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Advanced Pharmaceutical Bulletin
ISSN: 2228-5881      eISSN: 2251-7308  
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Article History
Submitted: 19 Nov 2013
Revised: 24 Nov 2013
First published online: 07 Feb 2014

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Adv Pharm Bull. 2014;4(3):225-235 doi: 10.5681/apb.2014.033
PMID:24754005        PMCID:PMC3992957

Evolutionary Origin and Conserved Structural Building Blocks of Riboswitches and Ribosomal RNAs: Riboswitches as Probable Target Sites for Aminoglycosides Interaction

Original Research

Elnaz Mehdizadeh Aghdam 1, Abolfazl Barzegar 2,3 * , Mohammad Saeid Hejazi 1,3 *

1 Drug Applied Research Center and Department of Pharmaceutical Biotechnology, Faculty of Pharmacy, Tabriz University of Medical Sciences, Tabriz, Iran.
2 Research Institute for Fundamental Sciences (RIFS), University of Tabriz, Tabriz, Iran.
3 The School of Advanced Biomedical Sciences (SABS), Tabriz University of Medical Sciences, Tabriz, Iran.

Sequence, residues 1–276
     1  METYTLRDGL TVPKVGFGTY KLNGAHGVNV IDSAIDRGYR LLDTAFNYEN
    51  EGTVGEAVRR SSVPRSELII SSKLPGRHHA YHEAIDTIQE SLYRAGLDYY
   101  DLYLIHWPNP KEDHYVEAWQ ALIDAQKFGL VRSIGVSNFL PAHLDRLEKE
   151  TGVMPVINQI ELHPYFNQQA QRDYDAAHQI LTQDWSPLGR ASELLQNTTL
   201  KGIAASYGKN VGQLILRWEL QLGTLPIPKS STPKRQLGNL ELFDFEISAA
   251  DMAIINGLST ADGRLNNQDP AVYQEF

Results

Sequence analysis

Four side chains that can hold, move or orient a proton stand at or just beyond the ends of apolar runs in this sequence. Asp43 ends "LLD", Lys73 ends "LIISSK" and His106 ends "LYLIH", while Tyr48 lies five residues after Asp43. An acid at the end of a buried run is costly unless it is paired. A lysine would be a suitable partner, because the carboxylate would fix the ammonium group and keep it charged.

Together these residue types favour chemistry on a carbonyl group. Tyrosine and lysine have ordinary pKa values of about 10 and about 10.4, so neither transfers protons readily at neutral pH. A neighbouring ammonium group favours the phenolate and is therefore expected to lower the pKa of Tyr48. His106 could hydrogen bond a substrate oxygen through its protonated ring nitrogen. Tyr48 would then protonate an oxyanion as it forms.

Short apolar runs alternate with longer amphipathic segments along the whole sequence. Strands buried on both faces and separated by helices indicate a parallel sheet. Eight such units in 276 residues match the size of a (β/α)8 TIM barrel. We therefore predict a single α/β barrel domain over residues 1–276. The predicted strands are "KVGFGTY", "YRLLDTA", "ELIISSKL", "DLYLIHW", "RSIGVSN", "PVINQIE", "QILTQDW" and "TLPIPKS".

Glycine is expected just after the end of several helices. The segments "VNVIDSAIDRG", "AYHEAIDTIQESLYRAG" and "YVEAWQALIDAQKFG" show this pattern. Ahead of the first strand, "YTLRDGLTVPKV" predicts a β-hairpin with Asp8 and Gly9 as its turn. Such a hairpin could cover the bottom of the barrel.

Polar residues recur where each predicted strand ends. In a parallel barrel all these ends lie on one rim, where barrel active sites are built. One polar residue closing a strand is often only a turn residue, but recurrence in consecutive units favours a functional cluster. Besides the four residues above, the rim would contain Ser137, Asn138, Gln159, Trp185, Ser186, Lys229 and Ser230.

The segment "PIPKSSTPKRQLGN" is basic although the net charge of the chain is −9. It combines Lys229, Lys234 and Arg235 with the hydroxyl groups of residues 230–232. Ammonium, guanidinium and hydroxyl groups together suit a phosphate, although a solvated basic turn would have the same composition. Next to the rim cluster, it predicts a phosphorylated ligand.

Purpose: Riboswitches, as noncoding RNA sequences, control gene expression through direct ligand binding. Sporadic reports on the structural relation of riboswitches with ribosomal RNAs (rRNA), raises an interest in possible similarity between riboswitches and rRNAs evolutionary origins. Since aminoglycoside antibiotics affect microbial cells through binding to functional sites of the bacterial rRNA, finding any conformational and functional relation between riboswitches/rRNAs is utmost important in both of medicinal and basic research. Methods: Analysis of the riboswitches structures were carried out using bioinformatics and computational tools. The possible functional similarity of riboswitches with rRNAs was evaluated based on the affinity of paromomycin antibiotic (targeting "A site" of 16S rRNA) to riboswitches via docking method. Results: There was high structural similarity between riboswitches and rRNAs, but not any particular sequence based similarity between them was found. The building blocks including "hairpin loop containing UUU", "peptidyl transferase center conserved hairpin A loop"," helix 45" and "S2 (G8) hairpin" as high identical rRNA motifs were detected in all kinds of riboswitches. Surprisingly, binding energies of paromomycin with different riboswitches are considerably better than the binding energy of paromomycin with "16S rRNA A site". Therefore the high affinity of paromomycin to bind riboswitches in comparison with rRNA "A site" suggests a new insight about riboswitches as possible targets for aminoglycoside antibiotics. Conclusion: These findings are considered as a possible supporting evidence for evolutionary origin of riboswitches/rRNAs and also their role in the exertion of antibiotics effects to design new drugs based on the concomitant effects via rRNA/riboswitches.

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